Today we'll evaluate Azure Healthcare Limited (ASX:AZV) to determine whether it could have potential as an investment idea. To be precise, we'll consider its Return On Capital Employed (ROCE), as that will inform our view of the quality of the business.
First, we'll go over how we calculate ROCE. Next, we'll compare it to others in its industry. Last but not least, we'll look at what impact its current liabilities have on its ROCE.
What is Return On Capital Employed (ROCE)?
ROCE measures the amount of pre-tax profits a company can generate from the capital employed in its business. In general, businesses with a higher ROCE are usually better quality. Overall, it is a valuable metric that has its flaws. Renowned investment researcher Michael Mauboussin has suggested that a high ROCE can indicate that 'one dollar invested in the company generates value of more than one dollar'.
So, How Do We Calculate ROCE?
Analysts use this formula to calculate return on capital employed:
Return on Capital Employed = Earnings Before Interest and Tax (EBIT) ÷ (Total Assets - Current Liabilities)
Or for Azure Healthcare:
0.0026 = AU$27k ÷ (AU$20m - AU$9.2m) (Based on the trailing twelve months to June 2019.)
So, Azure Healthcare has an ROCE of 0.3%.
Does Azure Healthcare Have A Good ROCE?
When making comparisons between similar businesses, investors may find ROCE useful. Using our data, Azure Healthcare's ROCE appears to be significantly below the 15% average in the Medical Equipment industry. This could be seen as a negative, as it suggests some competitors may be employing their capital more efficiently. Independently of how Azure Healthcare compares to its industry, its ROCE in absolute terms is low; especially compared to the ~2.3% available in government bonds. It is likely that there are more attractive prospects out there.
Azure Healthcare reported an ROCE of 0.3% -- better than 3 years ago, when the company didn't make a profit. That implies the business has been improving. You can click on the image below to see (in greater detail) how Azure Healthcare's past growth compares to other companies.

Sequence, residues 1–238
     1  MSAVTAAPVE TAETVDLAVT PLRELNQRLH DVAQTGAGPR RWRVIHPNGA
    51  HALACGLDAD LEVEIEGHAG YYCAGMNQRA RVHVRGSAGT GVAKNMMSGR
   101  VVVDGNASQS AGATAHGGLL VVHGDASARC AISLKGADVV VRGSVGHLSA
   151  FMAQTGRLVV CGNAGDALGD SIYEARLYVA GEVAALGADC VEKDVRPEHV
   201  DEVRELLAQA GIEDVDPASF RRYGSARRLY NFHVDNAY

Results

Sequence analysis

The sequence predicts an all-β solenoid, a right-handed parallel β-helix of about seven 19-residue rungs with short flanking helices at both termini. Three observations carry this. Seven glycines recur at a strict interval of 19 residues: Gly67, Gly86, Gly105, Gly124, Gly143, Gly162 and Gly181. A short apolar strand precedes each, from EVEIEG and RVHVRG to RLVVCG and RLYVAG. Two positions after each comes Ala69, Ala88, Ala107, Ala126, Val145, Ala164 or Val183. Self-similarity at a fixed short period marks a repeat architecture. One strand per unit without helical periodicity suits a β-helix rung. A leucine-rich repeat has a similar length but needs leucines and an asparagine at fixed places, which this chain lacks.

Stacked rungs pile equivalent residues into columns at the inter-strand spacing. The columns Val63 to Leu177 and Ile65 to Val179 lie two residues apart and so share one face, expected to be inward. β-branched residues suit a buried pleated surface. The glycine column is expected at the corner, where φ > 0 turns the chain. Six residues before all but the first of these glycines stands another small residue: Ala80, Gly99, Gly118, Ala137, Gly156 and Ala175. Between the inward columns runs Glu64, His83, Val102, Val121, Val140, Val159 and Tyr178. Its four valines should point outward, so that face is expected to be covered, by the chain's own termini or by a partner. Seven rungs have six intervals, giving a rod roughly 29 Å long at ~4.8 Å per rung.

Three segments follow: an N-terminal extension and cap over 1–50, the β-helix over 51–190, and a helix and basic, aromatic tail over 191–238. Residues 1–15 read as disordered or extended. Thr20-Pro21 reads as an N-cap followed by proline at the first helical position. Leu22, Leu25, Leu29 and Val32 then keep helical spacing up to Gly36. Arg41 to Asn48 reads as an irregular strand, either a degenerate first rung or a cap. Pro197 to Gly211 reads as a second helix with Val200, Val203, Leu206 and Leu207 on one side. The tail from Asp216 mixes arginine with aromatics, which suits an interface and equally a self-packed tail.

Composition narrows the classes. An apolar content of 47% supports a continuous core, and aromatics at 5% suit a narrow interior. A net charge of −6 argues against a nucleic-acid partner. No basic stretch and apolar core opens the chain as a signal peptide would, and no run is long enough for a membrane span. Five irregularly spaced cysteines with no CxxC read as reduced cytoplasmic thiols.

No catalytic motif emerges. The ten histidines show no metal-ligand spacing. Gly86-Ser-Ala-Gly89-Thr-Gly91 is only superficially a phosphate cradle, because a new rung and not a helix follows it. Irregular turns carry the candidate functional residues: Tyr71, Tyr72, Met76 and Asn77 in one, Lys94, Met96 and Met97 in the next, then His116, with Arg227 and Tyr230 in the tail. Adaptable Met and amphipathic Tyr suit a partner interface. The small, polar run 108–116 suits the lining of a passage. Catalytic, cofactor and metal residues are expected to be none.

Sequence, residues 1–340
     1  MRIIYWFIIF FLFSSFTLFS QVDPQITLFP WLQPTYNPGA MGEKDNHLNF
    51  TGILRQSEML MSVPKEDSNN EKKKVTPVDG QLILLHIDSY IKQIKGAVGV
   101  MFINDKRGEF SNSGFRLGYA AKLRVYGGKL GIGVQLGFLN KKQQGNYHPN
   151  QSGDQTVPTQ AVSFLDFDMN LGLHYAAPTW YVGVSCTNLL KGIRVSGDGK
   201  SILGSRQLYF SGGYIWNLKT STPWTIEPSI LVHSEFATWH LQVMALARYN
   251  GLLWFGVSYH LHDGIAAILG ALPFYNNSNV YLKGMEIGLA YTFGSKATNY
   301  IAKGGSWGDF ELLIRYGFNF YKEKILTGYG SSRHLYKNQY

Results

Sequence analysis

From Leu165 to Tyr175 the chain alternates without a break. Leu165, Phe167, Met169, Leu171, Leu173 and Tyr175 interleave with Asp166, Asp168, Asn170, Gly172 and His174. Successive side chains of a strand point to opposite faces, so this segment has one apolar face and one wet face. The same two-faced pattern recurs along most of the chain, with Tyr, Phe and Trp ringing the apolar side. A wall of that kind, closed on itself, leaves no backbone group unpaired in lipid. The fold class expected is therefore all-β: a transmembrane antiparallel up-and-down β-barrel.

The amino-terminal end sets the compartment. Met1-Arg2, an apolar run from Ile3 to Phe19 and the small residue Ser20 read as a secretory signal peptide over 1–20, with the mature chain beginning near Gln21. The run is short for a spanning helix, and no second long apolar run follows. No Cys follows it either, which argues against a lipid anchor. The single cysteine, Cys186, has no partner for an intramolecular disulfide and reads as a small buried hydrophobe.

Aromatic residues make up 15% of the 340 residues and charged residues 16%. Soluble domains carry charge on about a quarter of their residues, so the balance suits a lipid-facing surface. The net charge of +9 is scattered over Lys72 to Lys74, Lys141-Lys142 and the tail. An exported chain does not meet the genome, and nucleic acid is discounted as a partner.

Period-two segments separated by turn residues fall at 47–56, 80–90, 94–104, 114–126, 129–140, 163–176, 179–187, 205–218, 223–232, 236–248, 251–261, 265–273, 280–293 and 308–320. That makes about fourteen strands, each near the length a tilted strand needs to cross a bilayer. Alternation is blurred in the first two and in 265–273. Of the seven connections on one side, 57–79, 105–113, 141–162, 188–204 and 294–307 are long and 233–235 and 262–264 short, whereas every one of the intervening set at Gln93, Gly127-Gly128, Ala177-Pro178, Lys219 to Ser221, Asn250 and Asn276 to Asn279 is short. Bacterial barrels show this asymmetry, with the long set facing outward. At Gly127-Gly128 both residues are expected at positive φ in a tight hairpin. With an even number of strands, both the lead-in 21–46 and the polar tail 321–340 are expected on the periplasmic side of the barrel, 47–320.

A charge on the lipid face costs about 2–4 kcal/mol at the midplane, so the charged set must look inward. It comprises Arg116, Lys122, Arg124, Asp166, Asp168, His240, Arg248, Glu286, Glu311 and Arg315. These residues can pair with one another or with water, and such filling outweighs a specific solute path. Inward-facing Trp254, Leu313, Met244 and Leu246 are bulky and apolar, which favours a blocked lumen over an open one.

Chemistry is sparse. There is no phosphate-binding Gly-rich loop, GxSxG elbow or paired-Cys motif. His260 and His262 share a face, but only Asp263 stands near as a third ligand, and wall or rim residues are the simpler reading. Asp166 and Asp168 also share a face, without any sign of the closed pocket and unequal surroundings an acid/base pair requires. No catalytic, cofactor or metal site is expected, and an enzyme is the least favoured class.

It is important to remember that ROCE shows past performance, and is not necessarily predictive. Companies in cyclical industries can be difficult to understand using ROCE, as returns typically look high during boom times, and low during busts. This is because ROCE only looks at one year, instead of considering returns across a whole cycle. If Azure Healthcare is cyclical, it could make sense to check out this free graph of past earnings, revenue and cash flow.
Azure Healthcare's Current Liabilities And Their Impact On Its ROCE
Current liabilities include invoices, such as supplier payments, short-term debt, or a tax bill, that need to be paid within 12 months. Due to the way the ROCE equation works, having large bills due in the near term can make it look as though a company has less capital employed, and thus a higher ROCE than usual. To check the impact of this, we calculate if a company has high current liabilities relative to its total assets.
Azure Healthcare has total assets of AU$20m and current liabilities of AU$9.2m. Therefore its current liabilities are equivalent to approximately 47% of its total assets. With a medium level of current liabilities boosting the ROCE a little, Azure Healthcare's low ROCE is unappealing.
The Bottom Line On Azure Healthcare's ROCE
There are likely better investments out there. But note: make sure you look for a great company, not just the first idea you come across. So take a peek at this free list of interesting companies with strong recent earnings growth (and a P/E ratio below 20).
For those who like to find winning investments this free list of growing companies with recent insider purchasing, could be just the ticket.
We aim to bring you long-term focused research analysis driven by fundamental data. Note that our analysis may not factor in the latest price-sensitive company announcements or qualitative material.
If you spot an error that warrants correction, please contact the editor at firstname.lastname@example.org. This article by Simply Wall St is general in nature. It does not constitute a recommendation to buy or sell any stock, and does not take account of your objectives, or your financial situation. Simply Wall St has no position in the stocks mentioned. Thank you for reading.